A massive four-alarm fire that erupted in Chelsea, Massachusetts, early Monday, Aug. 1, 2022, destroyed a duplex. Image courtesy of Paul Koolloian.
But the chief of Chelsea’s fire department told Coffee or Die Magazine no hydrant hampered his personnel’s response to the inferno that consumed the wooden structure on Tuesday, Aug. 2.
“Actually, the water system had no impact on the end result,” Chief Leonard Albanese said. “It’s late at night. You have a fire burning on the back porch. It's not visible from the front. It's not visible from the street side. So those fires get a head start. So the big part of these things that we try to tell people is porch fire safety is everything.”
So how did the gossip about the dry plug get started?
“We got water out of it. We used that hydrant,” Albanese said. “When we went to shut it down, we couldn't shut it properly all the way. Somebody could have heard a radio transmission that we needed the water department to repair the hydrant, but it was actually for closing the hydrant down.”
The Boston suburb of Chelsea was nearly destroyed twice by great conflagrations. This is what was left of the Central Congregational Church after the Great Chelsea Fire of 1908 swept the Massachusetts community. Chelsea Public Library photo.
When Albanese’s firefighters arrived at the Blossom Street blaze around 1 a.m. on Tuesday, they found flames flickering up all three floors at the back of the building. It took them about an hour to stop the spread of the fire and quench the embers, he said, and one injured firefighter was treated at Massachusetts General Hospital.
Chelsea Police officers evacuated dozens of residents from their apartments, without injuries.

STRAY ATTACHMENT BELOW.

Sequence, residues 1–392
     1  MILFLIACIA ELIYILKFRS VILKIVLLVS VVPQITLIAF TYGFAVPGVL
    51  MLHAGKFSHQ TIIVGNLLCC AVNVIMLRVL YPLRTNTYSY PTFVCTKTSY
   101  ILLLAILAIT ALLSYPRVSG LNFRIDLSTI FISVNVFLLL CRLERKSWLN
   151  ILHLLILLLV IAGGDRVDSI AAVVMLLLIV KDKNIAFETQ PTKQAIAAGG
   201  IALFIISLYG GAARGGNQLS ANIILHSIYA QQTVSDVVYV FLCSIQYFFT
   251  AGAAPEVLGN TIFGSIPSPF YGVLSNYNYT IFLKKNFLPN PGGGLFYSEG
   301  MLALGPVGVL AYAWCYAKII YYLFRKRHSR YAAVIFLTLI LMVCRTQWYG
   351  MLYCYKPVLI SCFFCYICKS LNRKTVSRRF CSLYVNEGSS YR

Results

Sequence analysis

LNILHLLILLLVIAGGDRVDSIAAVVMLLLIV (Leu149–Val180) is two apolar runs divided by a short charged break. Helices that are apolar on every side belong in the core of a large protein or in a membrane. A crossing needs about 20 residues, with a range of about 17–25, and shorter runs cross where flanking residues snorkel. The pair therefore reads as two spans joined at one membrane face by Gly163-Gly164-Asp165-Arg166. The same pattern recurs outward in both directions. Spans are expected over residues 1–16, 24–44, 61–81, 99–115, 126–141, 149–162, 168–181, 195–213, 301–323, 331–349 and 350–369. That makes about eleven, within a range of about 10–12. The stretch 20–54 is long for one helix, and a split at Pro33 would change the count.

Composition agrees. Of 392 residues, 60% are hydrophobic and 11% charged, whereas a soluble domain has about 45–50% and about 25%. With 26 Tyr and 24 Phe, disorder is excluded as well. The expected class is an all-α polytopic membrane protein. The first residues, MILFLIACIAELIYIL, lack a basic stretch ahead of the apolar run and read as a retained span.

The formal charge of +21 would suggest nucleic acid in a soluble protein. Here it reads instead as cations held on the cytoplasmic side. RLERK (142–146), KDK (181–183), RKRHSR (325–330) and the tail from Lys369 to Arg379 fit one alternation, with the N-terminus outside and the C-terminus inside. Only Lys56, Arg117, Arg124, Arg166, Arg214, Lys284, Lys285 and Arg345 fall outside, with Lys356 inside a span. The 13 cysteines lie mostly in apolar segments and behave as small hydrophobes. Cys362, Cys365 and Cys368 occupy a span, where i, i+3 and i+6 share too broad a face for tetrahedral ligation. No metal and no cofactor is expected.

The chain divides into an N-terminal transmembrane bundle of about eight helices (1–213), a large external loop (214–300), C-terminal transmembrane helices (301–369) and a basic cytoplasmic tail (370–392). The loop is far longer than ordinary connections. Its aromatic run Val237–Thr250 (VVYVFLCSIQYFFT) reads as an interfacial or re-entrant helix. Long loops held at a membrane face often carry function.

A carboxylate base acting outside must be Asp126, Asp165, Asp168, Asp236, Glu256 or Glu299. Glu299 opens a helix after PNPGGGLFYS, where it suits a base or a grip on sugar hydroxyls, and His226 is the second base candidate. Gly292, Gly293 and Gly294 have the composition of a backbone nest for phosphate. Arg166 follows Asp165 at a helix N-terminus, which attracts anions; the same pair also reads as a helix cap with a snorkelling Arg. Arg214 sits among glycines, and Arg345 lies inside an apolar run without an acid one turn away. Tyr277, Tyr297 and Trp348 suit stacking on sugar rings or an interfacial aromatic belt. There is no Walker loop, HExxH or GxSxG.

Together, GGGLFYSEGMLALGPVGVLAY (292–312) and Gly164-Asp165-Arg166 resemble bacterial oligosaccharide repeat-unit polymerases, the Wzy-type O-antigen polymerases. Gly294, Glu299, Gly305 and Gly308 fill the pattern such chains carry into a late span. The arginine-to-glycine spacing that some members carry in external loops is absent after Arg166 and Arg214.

Albanese told Coffee or Die investigators suspected a light fixture had triggered a small fire that bored its way through to the rear wall of the duplex after igniting a wooden porch.
He pointed to a public push his department makes every June to warn citizens to extinguish their cigarettes in water or a bucket of sand and to avoid cooking or using other devices that could set a deck on fire.
“That's the biggest thing, especially in these thickly settled neighborhoods, because rear porch fires are very dangerous,” Albanese said. “They provide rapid fire spread from floor to floor and building to building.”
The Massachusetts city of Chelsea burns on Oct. 14, 1973, the second of two great conflagrations that destroyed large sections of the community. Photo by Spencer Grant, now in the archives of the Boston Public Library's Arts Department.
Across the Mystic River from Boston, Chelsea is a city of nearly 41,000 people crammed into less than 2.5 square miles, which makes it the second-most densely populated community in Massachusetts.
Two conflagrations have destroyed much of the city over the past century. The Great Chelsea Fire of 1908 destroyed nearly a fifth of the city and left at least 15,000 citizens homeless.
And then, 65 years later, another blaze erupted only 600 feet from the 1908 fire. It incinerated more than 300 buildings.
Investigators blamed high winds and a lack of water to fight the fire.
The Boston suburb of Chelsea was nearly destroyed twice by massive conflagrations. Here, troops ask two men to show their passes before they're allowed into the ruins of the city. A photo by Leslie Jones, now in the archives of the Boston Public Library's Arts Department.
Albanese insists his fire crews have a great relationship with the city’s water department, which recently transitioned from private ownership to municipal control.
The chief said the city maintained roughly 600 hydrants across Chelsea, and his teams work with the city's to keep the water flowing.
“Once in a while, you'll come up to a hydrant where it hasn't been used in a while, or you might get a broken spindle, or you might get a valve that might have been shut off by accident,” Albanese said. “But we have a pretty good maintenance program here with the Chelsea all-city water department.”
Joshua Skovlund is a former staff writer for Coffee or Die. He covered the 75th anniversary of D-Day in France, multinational military exercises in Germany, and civil unrest during the 2020 riots in Minneapolis. Born and raised in small-town South Dakota, he grew up playing football and soccer before serving as a forward observer in the US Army. After leaving the service, he worked as a personal trainer while earning his paramedic license. After five years as in paramedicine, he transitioned to a career in multimedia journalism. Joshua is married with two children.
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